Home Page › Forums › Darwin’s Ark › "Sample is being sequenced" how long did it take after this?
- This topic has 11 replies, 9 voices, and was last updated 3 years, 3 months ago by brittney logan.
October 8, 2019 at 2:50 pm #14702
Once the sample its sent out to be sequenced, it usually takes around 90-120 days until we received back the raw data. Then, we can create and upload your dogs results to his/her profile.
Hope this helps!
BrittneyOctober 8, 2019 at 2:50 pm #14698
How long after it showed your Sample is being sequenced did you get your results?October 24, 2019 at 4:30 pm #14715
lyn mikel brownParticipant
Hmmm. We’ve been waiting much longer. We sent in the kit in Feb 2017 and it’s been close to a year since we received that message. Does this have to do with the number of comparison DNA samples?October 24, 2019 at 5:00 pm #14721
My apologies, I should have been more specific in my first reply. The wait time can vary depending on how your are participating.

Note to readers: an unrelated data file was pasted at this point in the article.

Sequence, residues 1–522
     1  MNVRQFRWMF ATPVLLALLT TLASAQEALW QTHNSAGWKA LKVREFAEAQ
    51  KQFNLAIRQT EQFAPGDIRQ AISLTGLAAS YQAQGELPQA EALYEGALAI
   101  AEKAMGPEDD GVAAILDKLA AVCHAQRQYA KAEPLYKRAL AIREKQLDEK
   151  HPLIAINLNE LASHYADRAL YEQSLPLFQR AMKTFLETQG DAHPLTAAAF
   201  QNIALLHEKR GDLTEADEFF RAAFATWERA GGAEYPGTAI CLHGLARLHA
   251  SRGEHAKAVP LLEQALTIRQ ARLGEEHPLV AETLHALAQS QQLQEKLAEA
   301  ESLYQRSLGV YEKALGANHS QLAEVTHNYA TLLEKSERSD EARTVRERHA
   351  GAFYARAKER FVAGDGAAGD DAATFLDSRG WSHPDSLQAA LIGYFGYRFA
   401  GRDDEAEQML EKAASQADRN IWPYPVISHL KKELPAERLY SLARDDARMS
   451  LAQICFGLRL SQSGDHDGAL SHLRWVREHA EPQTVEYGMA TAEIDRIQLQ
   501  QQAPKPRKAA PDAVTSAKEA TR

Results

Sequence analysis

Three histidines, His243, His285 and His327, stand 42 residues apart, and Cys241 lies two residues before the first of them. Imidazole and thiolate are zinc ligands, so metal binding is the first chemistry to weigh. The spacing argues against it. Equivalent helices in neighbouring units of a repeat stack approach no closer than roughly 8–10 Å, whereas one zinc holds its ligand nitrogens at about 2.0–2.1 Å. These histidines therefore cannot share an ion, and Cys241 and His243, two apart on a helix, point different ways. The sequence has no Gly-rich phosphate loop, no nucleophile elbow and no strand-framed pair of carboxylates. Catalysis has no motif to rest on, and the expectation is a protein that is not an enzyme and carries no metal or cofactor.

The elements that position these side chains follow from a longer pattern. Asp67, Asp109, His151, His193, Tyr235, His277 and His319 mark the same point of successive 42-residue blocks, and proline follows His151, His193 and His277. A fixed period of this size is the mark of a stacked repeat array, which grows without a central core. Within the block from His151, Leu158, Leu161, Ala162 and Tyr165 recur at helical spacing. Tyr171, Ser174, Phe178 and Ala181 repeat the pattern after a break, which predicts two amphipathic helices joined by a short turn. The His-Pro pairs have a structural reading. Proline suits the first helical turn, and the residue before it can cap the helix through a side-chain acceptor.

Since Darwin’s Ark is research based , we run strictly off of grant money, limiting how many free participation samples can processed at a time. To combat the wait time issue, we made Darwin’s Ark into a non-profit, creating new participation levels.
Owners choosing the Free Participation Waitlist, will have their dogs DNA sequenced by our grant money. This takes time and is limited, but we continue to keep applying for more to support these samples.
If owners don’t want to wait for grant money, they can choose the Explorer Level where they themselves fund their dogs DNA to be sequenced. The sample goes to the lab right away, and this is where it takes about 90-120 days for results. Owners participating for free can click on “Order DNA Analysis” on their dogs profile ($99.00 if we have sample) if they would rather join the Explorer level.
We have more information about our participation levels on our FAQ, but I hope this helps to better explain the wait.
Thank you very much for your participation and patience.December 16, 2019 at 7:02 pm #14885
It took about 3 years before we got results and there are still a large percentage of unknown with all of our dogs since they are still aquiring breeds.December 17, 2019 at 5:49 pm #14734